Architecturally speaking, Buenos Aires is an eclectic melting pot, as varied in style and provenance as the mix of Italian, Spanish, British, and Eastern European ancestry of its inhabitants. A relaxed approach to town planning has resulted in a juxtaposition of old and new, and multiple architectural movements represented on a single block.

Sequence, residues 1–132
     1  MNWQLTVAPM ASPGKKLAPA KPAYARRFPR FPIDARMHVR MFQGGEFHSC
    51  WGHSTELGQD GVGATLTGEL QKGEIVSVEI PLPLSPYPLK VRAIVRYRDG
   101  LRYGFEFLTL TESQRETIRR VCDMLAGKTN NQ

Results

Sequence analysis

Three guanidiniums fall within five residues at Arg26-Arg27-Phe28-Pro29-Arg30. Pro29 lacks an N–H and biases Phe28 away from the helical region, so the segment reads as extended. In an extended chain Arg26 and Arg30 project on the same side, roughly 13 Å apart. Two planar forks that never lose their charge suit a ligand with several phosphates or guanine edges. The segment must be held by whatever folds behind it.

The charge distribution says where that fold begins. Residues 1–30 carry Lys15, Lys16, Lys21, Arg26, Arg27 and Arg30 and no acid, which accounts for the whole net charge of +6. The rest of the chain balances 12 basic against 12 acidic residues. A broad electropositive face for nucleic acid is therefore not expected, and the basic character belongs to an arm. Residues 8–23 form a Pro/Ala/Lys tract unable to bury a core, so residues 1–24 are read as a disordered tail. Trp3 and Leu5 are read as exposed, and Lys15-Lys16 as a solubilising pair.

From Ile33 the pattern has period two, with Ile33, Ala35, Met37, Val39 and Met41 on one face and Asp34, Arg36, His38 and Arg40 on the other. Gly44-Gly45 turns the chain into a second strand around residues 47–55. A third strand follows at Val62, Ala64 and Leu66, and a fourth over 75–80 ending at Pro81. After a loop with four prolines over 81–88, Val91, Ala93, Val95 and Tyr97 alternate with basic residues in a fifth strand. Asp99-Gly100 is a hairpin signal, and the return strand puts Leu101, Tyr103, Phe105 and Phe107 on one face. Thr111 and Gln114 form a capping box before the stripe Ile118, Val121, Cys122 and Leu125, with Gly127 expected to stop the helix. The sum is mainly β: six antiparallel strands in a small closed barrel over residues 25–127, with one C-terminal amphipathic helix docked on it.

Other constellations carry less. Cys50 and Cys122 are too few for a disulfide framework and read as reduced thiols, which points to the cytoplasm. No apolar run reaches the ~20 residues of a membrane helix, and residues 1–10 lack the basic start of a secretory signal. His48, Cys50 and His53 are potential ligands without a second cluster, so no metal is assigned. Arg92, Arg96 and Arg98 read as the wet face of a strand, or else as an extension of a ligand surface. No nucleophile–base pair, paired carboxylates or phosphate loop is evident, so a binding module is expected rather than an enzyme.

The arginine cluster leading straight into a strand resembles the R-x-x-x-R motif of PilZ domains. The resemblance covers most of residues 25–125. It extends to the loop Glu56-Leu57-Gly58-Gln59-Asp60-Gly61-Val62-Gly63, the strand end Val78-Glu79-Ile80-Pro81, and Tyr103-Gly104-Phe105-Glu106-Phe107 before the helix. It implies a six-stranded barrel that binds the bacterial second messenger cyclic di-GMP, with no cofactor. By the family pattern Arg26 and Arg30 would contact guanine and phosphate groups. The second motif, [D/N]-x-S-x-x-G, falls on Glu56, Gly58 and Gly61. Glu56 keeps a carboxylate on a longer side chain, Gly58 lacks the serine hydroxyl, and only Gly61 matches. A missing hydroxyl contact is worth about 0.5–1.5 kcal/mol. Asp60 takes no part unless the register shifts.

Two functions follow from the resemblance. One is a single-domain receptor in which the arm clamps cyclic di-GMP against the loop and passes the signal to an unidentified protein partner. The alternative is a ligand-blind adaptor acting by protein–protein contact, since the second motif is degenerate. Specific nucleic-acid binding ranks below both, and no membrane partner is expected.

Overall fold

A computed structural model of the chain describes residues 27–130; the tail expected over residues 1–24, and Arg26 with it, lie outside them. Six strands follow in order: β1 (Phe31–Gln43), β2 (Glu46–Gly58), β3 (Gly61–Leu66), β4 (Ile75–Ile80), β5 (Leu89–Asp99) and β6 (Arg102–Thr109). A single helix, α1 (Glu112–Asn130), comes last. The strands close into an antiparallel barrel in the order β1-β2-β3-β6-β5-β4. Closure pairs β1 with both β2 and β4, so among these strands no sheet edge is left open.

Coveted areas such as Palermo and neighbouring districts have been gentrified extensively over the past 15 years. The City government projects are slowly channeling money into poorer neighborhoods, such as the much neglected port district of La Boca, with plans for a designated art quarter to take form over the coming years. Buenos Aires is becoming greener too, with an extensive bike lane system covering much of the city. In the center, the streets boast opulent Italian and French-style buildings, and a stroll along the wide, tree-lined Avenida de Mayo and Recoleta areas serve as a reminder of the country's extraordinary wealth at the start of the 20th century. Despite its growth as a popular tourist destination over the past decade, with polo, tango, steak and red wine being the obvious attractions, these elements only scratch the surface of what this city is really all about. The most effective way of getting a feel for the place is to pull up a chair at an old-fashioned neighborhood bar, order a cafe con leche and medialunas, and people watch.